After checking out all seven places, we flew back to California to report back to mom. Ultimately we settled on three top candidates to show her personally. All of them had private rooms, nice facilities with patio gardens, and mostly English-speaking staffs, and all English-speaking residents. Prices ranged from about $1,500 USD/month to $1,800. Pretty much everything is included: room; board; cleaning; laundry; taxi service into town for shopping, events, and the like; daily activities; and medicine management. As for the latter, it’s quite a comforting thing. Over about the last six months, mom has become inconsistent about taking her regular meds, despite me loading one of those weekly pill minders for her. And I worry that she might overdose on acetaminophen, taking some tablets for pain and then ten minutes later forgetting she’s taken them, and then taking them again because they’re not yet working.
In late August, the three of us piled back into a plane and flew to Ajijic to show Mom the top contenders. Fortunately, my top pick became her top pick, as she liked the staff, the facility, and one of the residents who we had befriended on our first visit.
While there in June, Alex and I met Marjorie, a woman in her early 80’s, and the three of us immediately had hit it off. Marjorie had worked as a trainer for IBM in the 50’s and 60’s, back when women mostly didn’t do such things. Later she and her husband moved to Ajijic where they became involved in Democrats Abroad among other projects. About three years ago, she and her husband moved to the facility when he required more intensive care, and sadly, he died not too long afterward.
But since we liked her so much, we decided to invite Marjorie to lunch with my mother during the late August visit, and during lunch, completely unprompted, she told us a story about the owner of the facility, Dolores. Apparently one of Marjorie’s friends who didn’t live in the facility found herself in a medical emergency. Marjorie asked Dolores what she recommended. As it turns out, Dolores dropped everything, drove the friend to a hospital in Guadalajara, arranged all the medical care, contacted the friend’s family, and generally just manged the situation, and managed it well.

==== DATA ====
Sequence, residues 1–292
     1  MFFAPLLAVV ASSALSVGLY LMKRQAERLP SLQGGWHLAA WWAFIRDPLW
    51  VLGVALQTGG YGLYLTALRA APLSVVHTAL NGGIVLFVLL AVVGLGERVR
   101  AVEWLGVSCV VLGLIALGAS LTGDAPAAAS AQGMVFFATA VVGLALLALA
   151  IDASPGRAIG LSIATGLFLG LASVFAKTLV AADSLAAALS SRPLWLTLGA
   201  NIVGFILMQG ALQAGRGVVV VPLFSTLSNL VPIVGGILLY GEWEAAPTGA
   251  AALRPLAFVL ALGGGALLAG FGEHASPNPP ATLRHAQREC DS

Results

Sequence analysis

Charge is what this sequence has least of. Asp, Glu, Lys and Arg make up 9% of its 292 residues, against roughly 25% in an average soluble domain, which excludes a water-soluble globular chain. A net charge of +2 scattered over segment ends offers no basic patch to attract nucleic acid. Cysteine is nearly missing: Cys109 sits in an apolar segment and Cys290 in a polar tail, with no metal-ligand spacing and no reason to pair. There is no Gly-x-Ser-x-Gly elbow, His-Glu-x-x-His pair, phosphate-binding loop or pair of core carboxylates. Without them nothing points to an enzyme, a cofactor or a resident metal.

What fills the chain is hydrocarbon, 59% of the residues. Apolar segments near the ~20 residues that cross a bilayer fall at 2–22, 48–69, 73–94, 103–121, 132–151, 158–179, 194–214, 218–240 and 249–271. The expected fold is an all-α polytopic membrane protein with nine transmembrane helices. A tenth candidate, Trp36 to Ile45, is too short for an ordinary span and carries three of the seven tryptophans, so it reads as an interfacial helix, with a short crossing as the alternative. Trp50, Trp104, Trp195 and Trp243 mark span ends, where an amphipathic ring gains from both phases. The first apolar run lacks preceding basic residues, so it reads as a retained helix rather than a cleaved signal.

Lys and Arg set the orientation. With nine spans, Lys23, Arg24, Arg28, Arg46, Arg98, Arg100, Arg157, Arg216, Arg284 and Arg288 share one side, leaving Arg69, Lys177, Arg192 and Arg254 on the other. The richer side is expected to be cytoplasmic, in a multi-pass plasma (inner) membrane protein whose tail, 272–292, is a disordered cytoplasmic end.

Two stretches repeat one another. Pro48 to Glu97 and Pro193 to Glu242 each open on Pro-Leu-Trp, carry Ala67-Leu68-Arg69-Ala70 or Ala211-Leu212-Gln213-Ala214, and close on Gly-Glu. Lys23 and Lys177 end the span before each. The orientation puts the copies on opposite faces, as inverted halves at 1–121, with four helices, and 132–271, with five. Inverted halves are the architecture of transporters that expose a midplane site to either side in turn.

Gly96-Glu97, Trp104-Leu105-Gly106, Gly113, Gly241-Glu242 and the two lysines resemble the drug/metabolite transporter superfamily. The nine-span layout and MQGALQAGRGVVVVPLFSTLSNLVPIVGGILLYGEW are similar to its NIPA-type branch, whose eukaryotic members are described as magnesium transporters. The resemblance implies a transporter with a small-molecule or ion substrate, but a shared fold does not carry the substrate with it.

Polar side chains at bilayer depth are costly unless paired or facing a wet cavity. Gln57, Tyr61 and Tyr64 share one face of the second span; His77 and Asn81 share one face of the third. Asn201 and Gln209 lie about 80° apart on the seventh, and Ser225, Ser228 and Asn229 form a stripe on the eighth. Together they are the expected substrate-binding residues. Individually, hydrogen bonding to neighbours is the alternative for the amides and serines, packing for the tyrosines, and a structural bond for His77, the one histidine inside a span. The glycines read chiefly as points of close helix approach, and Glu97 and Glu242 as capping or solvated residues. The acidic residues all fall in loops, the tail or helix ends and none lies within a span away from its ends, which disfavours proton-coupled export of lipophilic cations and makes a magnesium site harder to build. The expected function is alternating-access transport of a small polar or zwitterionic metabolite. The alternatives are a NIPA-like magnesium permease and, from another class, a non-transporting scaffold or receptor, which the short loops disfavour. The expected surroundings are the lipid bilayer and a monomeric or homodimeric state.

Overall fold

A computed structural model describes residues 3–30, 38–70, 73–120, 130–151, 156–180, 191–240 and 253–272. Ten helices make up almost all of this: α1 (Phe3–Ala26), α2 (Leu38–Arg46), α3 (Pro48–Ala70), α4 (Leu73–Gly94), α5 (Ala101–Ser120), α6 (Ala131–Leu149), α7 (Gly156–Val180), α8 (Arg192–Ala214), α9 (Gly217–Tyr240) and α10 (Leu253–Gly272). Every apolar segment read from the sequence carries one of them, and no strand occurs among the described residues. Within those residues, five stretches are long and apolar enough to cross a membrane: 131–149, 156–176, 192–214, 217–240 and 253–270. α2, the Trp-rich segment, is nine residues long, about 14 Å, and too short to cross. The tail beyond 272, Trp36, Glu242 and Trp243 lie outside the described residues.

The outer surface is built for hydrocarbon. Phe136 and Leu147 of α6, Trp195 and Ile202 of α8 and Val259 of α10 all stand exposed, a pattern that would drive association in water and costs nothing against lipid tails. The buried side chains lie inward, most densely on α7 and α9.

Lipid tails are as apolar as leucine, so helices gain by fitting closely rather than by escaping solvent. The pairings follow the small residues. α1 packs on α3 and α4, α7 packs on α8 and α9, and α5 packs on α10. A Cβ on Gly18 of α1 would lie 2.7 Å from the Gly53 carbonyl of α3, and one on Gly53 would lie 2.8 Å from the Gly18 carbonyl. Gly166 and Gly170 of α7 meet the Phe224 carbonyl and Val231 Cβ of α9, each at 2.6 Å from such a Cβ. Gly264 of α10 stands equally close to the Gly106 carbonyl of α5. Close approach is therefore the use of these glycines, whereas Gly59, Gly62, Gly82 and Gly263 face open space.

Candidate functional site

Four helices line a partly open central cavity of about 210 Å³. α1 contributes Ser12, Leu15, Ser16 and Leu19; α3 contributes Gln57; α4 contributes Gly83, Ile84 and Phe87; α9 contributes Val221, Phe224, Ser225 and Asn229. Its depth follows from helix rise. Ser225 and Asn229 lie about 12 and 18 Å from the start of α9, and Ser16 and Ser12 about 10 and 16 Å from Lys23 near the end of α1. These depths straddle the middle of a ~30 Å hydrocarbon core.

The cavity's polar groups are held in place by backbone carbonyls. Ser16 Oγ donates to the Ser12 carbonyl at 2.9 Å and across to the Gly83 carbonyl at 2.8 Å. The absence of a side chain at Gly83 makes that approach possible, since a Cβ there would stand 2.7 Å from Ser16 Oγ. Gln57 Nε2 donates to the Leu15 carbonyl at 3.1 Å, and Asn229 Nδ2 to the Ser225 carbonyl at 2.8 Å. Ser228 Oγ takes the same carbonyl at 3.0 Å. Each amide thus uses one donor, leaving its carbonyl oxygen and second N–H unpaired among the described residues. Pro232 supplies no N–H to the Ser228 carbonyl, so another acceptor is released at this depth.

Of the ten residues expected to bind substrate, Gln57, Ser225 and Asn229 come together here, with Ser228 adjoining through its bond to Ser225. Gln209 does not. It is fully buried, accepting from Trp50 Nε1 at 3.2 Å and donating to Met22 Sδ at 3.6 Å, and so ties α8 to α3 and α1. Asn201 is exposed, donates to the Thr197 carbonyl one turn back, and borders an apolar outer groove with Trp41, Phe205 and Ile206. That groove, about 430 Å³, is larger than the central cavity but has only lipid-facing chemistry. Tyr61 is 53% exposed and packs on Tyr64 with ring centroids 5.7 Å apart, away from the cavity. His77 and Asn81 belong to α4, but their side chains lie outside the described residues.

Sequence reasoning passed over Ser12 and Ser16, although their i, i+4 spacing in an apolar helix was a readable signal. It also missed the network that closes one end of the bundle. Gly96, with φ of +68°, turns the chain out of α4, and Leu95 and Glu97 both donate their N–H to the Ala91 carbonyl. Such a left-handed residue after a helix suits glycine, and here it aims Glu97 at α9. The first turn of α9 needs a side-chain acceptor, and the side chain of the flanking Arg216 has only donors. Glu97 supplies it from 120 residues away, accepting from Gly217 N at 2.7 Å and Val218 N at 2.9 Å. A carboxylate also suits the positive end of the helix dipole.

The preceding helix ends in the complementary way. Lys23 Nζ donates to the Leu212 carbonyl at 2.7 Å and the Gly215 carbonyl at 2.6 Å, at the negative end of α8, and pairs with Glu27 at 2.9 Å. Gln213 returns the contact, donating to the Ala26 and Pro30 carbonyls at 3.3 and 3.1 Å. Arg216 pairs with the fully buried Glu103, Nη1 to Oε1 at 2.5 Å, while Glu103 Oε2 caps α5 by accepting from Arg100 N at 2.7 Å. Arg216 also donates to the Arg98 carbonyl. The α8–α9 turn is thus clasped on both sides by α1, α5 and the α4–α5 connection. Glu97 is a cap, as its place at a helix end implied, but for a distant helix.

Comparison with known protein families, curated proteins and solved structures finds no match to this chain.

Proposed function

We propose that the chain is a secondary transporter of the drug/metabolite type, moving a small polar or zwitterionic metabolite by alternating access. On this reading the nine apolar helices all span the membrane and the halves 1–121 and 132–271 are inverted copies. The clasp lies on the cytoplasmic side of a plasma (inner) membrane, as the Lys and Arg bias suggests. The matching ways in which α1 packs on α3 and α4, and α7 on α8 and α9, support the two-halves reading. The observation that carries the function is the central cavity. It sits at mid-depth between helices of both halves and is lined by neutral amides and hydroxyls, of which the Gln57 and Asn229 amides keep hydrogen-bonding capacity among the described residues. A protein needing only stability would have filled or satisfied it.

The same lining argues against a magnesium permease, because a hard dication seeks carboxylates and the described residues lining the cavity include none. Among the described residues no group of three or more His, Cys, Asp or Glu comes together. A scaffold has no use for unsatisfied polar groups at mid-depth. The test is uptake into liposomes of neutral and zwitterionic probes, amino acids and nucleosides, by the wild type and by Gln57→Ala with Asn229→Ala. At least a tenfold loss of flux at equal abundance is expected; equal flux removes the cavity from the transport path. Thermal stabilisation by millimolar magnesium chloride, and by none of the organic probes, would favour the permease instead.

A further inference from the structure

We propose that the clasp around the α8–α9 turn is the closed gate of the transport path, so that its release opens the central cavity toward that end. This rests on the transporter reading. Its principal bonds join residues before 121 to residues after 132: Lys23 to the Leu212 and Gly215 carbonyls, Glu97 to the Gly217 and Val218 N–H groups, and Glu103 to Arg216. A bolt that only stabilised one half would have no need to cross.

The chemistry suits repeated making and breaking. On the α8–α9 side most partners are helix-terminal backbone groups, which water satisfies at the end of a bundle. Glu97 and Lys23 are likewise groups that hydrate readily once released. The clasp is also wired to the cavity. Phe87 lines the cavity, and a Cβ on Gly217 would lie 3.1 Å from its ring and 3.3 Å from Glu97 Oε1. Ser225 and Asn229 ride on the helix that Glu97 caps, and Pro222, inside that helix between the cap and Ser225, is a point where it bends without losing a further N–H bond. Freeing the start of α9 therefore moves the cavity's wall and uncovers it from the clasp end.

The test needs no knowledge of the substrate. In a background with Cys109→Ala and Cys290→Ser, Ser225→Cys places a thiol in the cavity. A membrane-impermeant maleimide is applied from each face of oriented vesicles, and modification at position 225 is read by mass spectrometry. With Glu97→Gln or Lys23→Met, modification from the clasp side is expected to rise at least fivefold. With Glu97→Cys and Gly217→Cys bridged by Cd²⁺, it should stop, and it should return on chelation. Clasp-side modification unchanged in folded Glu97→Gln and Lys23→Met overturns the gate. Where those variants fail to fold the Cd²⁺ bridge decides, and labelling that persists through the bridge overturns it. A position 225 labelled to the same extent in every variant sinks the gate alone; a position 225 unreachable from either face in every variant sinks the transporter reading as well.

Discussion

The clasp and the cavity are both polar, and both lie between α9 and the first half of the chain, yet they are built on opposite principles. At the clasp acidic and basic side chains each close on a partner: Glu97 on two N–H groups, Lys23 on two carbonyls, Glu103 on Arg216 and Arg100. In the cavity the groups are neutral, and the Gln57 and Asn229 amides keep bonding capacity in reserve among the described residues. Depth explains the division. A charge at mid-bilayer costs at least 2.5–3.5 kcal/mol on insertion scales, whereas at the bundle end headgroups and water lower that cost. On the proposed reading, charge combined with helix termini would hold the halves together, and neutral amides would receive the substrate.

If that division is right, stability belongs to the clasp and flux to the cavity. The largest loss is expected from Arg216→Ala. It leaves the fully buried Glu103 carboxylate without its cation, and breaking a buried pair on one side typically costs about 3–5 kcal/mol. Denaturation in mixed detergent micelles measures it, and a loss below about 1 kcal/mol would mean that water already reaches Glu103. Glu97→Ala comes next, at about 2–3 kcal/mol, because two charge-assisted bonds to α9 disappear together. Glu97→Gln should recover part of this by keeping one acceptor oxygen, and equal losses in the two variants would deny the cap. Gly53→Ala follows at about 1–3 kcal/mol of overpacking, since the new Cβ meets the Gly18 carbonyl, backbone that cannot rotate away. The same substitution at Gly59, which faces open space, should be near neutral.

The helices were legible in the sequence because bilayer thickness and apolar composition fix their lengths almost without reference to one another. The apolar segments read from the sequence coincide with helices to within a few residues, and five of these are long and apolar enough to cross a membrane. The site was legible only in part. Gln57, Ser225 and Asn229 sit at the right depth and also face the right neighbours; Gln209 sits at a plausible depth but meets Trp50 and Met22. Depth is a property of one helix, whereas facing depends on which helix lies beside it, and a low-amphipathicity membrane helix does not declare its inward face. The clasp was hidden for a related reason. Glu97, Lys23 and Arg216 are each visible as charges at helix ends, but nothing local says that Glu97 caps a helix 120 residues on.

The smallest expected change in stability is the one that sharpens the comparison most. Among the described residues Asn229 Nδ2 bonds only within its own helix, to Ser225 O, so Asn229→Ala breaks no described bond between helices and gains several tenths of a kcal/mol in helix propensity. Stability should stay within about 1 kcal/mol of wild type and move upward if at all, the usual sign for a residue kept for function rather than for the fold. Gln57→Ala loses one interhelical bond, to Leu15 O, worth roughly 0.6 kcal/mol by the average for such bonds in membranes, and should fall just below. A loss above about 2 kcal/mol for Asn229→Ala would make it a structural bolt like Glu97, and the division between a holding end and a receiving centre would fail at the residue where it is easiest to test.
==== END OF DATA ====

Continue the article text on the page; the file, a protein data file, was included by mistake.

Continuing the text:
For my mother and me, this sealed the deal as we felt like she’d be in really good hands, and we decided that this was where we’d move mom. Now we just needed to finalize the details. Right after Labor Day we flew back to Redding and began to pack. While there are myriad boring details that subsequently transpired, to make a long story short, on January 11th of this year, Alex, my mother, and I all flew to Ajijic and moved mom into her new home that night.
Ever since, I’ve been living here with my new friend Lisa in West Ajijic, who Alex helped to move down nearly 2 years ago. Mom is happy in her new home, and I’m delighted to be beginning to have my life back again. There’s lots more to recount, but it’s looking like we’ve got a happy ending to my mother’s difficult journey post the death of my stepfather, her long-time partner.
Saludos and thanks for stopping by!
For various reasons, I haven’t named any of the facilities. Obviously I don’t wish to reveal my mother’s location. And in other cases I don’t wish to cast any aspersions on the homes we didn’t select. If you are curious about what I’ve found, I’d be happy to share some information via e-mail. So just leave a comment, and I’ll get back to you.